'We have been told by the banking industry that we are not getting credit in the private sector because of the interest rate caps'
In the Finance Bill 2019, the National Treasury has proposed repealing the Banking Amendments Act (2016) that introduced caps on lending rates as one of the means of stimulating liquidity in the economy. The National Treasury is responding to reports by commercial banks that blame a 15 per cent drop in credit access over the past four years, on the interest caps.
However, this has been challenged by Members of Parliament with the Budget and Appropriations Committee Chairman Kimani Ichungw’a pointing out that bankers’ explanation of lack of liquidity in the economy is incomplete.
“We have been told by the banking industry that we are not getting credit in the private sector because of the interest rate caps,” he said last week at the launch of the 2019/2020 budget-making process.
“Partially yes, but to a greater extent it is not the capping of interest rates in my opinion,” he explained. “The Cabinet Secretary for National Treasury bears the greatest responsibility in terms of getting credit to the private sector in the form of government borrowing and if we are to deal with access to credit and increase liquidity, the government has to control its appetite for borrowing.”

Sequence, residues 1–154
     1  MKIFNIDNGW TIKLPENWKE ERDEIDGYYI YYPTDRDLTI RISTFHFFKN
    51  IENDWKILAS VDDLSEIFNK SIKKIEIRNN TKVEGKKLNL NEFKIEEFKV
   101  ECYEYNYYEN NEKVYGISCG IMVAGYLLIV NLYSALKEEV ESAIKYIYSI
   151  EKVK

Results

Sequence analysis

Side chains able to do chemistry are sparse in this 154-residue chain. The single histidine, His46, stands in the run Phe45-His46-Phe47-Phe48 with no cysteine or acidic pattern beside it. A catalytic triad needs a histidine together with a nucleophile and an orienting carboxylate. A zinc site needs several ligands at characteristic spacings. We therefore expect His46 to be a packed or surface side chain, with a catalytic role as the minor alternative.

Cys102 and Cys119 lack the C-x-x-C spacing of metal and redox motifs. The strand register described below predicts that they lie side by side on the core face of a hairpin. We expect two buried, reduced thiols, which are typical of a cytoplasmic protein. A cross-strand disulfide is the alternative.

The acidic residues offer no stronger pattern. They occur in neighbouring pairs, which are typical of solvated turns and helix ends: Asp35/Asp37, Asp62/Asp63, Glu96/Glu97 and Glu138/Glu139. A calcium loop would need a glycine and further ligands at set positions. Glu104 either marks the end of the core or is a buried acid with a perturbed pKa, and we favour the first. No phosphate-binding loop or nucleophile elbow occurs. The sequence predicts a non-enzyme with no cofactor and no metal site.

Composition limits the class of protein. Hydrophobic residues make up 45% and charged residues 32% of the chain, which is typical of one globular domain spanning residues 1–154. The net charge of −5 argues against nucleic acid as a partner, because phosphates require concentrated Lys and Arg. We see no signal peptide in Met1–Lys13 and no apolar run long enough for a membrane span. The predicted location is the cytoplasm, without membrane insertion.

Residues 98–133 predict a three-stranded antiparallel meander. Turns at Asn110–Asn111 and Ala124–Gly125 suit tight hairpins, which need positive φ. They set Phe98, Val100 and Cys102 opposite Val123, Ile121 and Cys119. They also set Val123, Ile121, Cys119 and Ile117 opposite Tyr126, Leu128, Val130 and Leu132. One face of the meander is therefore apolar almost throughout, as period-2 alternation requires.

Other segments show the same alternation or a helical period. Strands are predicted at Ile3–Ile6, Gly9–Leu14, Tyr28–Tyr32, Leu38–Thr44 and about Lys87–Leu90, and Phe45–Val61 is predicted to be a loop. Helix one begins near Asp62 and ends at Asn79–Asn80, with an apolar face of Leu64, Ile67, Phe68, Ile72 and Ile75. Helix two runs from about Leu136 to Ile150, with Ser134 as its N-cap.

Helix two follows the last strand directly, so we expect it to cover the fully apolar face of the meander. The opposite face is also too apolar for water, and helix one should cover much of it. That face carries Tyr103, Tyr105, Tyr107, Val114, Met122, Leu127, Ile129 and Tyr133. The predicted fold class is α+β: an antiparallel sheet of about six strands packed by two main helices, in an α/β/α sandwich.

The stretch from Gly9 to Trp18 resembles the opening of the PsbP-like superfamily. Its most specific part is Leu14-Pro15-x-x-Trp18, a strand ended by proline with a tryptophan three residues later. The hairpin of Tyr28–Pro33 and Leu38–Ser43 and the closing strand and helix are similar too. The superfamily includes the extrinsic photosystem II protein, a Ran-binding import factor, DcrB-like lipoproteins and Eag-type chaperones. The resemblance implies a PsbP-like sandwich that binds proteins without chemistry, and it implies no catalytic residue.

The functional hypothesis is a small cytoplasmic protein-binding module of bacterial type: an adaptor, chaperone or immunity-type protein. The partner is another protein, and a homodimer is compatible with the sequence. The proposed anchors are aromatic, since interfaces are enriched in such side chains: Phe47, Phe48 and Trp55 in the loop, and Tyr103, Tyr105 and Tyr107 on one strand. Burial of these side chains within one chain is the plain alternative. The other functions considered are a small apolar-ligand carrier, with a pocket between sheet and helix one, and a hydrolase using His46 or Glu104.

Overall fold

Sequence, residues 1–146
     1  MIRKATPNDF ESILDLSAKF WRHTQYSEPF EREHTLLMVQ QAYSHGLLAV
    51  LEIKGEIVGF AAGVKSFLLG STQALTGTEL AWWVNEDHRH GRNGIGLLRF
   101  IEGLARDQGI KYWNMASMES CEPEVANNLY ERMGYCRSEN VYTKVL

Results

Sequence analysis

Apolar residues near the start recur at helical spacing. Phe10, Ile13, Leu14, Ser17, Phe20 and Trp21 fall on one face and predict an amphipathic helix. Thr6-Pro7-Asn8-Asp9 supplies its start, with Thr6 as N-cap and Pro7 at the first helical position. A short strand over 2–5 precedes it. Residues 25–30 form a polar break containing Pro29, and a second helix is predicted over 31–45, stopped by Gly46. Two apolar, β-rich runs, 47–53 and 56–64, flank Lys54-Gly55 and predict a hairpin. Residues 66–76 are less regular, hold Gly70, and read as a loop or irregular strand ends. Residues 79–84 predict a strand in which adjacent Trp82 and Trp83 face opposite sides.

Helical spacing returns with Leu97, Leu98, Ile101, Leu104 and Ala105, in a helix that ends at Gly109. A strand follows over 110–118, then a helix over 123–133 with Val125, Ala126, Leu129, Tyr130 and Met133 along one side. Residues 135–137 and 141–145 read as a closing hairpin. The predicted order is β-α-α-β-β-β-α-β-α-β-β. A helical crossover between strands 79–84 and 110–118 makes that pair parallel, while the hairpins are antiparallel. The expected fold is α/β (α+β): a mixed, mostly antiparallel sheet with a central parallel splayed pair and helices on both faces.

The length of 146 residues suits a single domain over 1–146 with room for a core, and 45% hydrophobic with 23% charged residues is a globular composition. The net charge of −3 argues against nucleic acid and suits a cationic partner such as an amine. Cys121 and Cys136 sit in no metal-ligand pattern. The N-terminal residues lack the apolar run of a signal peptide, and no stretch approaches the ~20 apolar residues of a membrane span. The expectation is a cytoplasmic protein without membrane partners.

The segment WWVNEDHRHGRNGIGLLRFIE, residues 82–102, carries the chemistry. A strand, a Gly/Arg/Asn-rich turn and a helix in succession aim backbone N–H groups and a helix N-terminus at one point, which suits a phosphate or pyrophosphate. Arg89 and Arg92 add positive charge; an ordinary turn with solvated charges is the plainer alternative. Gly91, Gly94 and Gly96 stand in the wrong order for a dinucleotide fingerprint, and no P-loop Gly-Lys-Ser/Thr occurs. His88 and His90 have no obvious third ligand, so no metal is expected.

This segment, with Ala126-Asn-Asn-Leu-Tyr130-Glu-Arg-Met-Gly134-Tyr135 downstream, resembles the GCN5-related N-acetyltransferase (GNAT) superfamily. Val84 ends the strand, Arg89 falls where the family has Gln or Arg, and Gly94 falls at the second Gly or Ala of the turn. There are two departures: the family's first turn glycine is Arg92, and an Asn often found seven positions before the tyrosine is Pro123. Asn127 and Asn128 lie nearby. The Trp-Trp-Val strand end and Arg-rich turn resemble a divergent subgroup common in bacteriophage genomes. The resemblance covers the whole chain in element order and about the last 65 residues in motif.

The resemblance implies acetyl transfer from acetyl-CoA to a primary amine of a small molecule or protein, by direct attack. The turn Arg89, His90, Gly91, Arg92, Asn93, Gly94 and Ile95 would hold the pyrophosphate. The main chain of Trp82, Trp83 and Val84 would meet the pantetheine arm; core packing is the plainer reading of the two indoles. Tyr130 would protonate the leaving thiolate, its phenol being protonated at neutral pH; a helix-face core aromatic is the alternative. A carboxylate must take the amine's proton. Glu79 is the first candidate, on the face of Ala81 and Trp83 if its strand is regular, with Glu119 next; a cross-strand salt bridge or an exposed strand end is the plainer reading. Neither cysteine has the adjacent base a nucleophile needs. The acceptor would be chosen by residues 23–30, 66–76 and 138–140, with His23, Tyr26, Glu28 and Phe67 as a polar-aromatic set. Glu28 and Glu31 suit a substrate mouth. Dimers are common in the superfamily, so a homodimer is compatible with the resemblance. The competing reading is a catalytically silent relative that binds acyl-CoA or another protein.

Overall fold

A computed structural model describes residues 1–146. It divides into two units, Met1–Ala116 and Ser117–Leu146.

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This is accurate. According to the latest Central Bank of Kenya’s (CBK) Credit Survey for the quarter ended March 2019, all factors affecting demand for credit did not have a significant impact on private sector’s overall demand.
More than half of businesses surveyed across all sectors reported aspects such as availability of internal financing, loans from other banks, cost of borrowing and the Central Bank Rate (CBR) remained unchanged. “Investment in government securities, competition from Saccos, microfinance banks and other credit providers, retention of CBR at nine per cent and competition from other banks are the major factors that made the commercial banks exercise caution in extending credit facilities,” said the CBK.
At the same time, 82 per cent of the respondents stated that interest capping will have little or no impact on the demand for credit. “Interest rate capping has compelled banks to increase their risk mitigation measures,” explained the CBK. “As a result, credit standards have been tightened which led to reduced credit facilities granted to SMEs. Most banks opted to invest in government securities which are deemed less risky as compared to SMEs.”
Banks have thus opted to stack their bets on government debt to shore up revenues. They have at the same time upped fees and commissions to compensate for the loss in interest income and are using the interest rate caps as a scapegoat.